Sandia National Laboratories has reached a major milestone by successfully re-mounting a rotor on one of its SWiFT wind turbines, a heavily modified Vestas V27, at the SWiFT facility on January 20, 2016. Wind engineers at SWiFT have been preparing for this event since 2014 when one of the turbines over sped and failed. Since that time, Sandia’s Wind Energy Technologies Department has been evaluating and improving hardware, software, safety systems, procedures, training, and security at the SWiFT site. Site and process improvements include:
- A new generator brake system to maintain stopping capability with failure tolerance
- A new hardware-in-the-loop testbed to provide exact-replica testing of the turbine controller prior to deployment on the turbine
- A significantly strengthened hardware safety system with multiple layers
- Implementation of robust review and approval procedures
- A rigorous readiness review and change management system designed to expedite future testing
With the successful rotor re-mount to baseline the facility, SWiFT is moving forward in preparation for its upcoming DOE readiness review. A successful readiness review is the final step in returning SWiFT to full operational capability and the initiation of a wide range of wind plant research.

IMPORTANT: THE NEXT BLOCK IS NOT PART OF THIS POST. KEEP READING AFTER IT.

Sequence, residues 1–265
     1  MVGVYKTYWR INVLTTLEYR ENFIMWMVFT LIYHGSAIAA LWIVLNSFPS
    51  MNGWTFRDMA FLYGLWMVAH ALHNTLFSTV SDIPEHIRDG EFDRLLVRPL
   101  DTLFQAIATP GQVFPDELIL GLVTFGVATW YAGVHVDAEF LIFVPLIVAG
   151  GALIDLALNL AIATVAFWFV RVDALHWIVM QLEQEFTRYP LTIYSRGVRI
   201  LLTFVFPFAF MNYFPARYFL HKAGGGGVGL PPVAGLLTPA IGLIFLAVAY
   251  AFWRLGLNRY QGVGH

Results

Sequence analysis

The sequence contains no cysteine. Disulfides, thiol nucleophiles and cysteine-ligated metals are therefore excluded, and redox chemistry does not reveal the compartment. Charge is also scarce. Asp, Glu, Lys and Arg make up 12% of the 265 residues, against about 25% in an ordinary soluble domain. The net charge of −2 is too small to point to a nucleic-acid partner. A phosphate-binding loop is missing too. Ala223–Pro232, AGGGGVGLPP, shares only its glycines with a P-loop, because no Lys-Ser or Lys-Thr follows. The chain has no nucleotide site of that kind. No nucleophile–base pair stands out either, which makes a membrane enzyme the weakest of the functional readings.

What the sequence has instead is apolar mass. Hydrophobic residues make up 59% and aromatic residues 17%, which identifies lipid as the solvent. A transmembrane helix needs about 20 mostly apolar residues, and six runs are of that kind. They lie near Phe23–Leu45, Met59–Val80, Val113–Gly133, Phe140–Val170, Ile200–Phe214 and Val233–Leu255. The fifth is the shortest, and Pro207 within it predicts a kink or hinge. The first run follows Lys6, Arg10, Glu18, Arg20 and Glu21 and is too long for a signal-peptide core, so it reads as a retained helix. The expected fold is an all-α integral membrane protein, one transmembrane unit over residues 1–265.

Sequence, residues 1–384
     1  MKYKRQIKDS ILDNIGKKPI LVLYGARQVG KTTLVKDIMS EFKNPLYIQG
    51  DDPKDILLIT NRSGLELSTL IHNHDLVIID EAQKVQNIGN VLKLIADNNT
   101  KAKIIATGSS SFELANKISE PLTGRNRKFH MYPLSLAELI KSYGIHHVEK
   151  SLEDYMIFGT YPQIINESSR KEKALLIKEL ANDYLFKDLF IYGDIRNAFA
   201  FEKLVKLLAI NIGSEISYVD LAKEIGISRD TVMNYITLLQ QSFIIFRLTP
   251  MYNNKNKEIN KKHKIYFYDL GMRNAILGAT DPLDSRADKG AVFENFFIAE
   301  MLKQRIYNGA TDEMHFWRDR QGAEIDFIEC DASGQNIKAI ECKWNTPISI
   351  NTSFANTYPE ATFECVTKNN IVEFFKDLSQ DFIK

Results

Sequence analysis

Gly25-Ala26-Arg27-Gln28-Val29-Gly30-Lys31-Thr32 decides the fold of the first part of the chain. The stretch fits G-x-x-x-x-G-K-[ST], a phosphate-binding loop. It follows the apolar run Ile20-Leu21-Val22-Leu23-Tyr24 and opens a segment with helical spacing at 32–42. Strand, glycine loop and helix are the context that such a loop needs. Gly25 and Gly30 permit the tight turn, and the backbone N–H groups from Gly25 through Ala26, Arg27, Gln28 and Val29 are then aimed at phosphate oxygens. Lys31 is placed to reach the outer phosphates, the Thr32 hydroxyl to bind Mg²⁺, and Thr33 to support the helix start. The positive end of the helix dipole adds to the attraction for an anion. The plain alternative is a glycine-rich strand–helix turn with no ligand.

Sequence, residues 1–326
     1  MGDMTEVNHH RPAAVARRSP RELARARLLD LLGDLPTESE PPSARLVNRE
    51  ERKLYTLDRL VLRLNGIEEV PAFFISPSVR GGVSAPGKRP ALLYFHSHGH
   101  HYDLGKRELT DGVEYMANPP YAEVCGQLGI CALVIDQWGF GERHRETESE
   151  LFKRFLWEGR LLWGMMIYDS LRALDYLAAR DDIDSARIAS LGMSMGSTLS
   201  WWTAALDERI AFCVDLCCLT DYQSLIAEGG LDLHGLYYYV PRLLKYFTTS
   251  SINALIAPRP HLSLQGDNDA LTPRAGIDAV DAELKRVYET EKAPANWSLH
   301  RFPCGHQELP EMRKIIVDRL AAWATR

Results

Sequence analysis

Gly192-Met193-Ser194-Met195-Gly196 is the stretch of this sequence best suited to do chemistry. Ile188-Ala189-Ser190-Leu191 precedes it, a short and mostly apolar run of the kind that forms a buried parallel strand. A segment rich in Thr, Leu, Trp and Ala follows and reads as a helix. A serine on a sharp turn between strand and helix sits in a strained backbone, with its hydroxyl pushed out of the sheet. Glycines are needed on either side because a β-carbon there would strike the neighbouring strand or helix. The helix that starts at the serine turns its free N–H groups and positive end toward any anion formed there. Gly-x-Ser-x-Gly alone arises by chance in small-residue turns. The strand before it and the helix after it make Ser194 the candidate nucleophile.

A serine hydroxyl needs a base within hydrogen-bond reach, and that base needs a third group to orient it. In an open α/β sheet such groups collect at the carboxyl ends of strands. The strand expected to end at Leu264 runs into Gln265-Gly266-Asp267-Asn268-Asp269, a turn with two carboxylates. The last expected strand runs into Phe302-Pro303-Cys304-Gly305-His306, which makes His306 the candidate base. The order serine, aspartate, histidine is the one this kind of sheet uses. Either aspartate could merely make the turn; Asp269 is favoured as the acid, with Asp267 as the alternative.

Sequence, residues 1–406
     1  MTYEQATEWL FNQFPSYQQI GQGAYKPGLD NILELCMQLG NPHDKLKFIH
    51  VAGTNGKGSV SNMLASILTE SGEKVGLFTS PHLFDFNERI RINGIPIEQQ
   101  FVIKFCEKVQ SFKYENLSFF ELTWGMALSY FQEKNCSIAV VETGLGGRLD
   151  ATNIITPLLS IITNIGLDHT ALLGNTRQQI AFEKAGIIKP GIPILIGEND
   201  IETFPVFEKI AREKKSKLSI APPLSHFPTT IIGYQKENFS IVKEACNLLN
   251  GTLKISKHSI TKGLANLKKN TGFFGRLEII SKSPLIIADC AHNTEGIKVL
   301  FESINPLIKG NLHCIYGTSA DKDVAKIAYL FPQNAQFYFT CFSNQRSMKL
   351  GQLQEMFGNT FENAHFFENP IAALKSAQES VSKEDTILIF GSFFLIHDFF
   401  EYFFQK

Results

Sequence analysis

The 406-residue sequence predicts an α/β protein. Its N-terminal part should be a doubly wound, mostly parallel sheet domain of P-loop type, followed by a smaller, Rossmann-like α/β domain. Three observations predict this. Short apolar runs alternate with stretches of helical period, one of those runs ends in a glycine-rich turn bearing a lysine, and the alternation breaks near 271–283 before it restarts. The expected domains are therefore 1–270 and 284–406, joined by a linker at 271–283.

The Scaled Wind Farm Technology (SWiFT) Facility is the principal wind plant research facility for investigating wind turbine wakes as part of the DOE Atmosphere to Electrons (A2E) initiative. In 2016, the SWiFT Facility will be the focus of a joint experiment conducted by Sandia National Laboratories and National Renewable Energy Laboratory staff studying the use of wind plant controls to mitigate the impact of wakes on plant performance. Additionally, the SWiFT Facility is preparing to fly the first blade set from DOE and Sandia’s National Rotor Testbed (NRT) program which aims to demonstrate the ability to functionally scale utility rotor characteristics to the more cost-effective research scale of the SWiFT turbines. The NRT rotor will recreate the wake of a utility-scale turbine while future NRT rotor designs could demonstrate wake mitigation, damage mitigating active load control, and other innovative design concepts.
To support A2E’s industrial partnership objectives, SWiFT will partner with Windar Photonics and Westergaard Solutions to investigate simultaneous feed-forward / feed-backward wake control. Additionally, Pentalum, Texas Tech University and Sandia have also partnered on a Binational Industrial R&D (BIRD) Foundation grant to further develop a new approach to LIDAR technology with the hopes of leveraging the technology to develop wind plant controllers.
Photo credit: Josh Bryant, Westergaard Solutions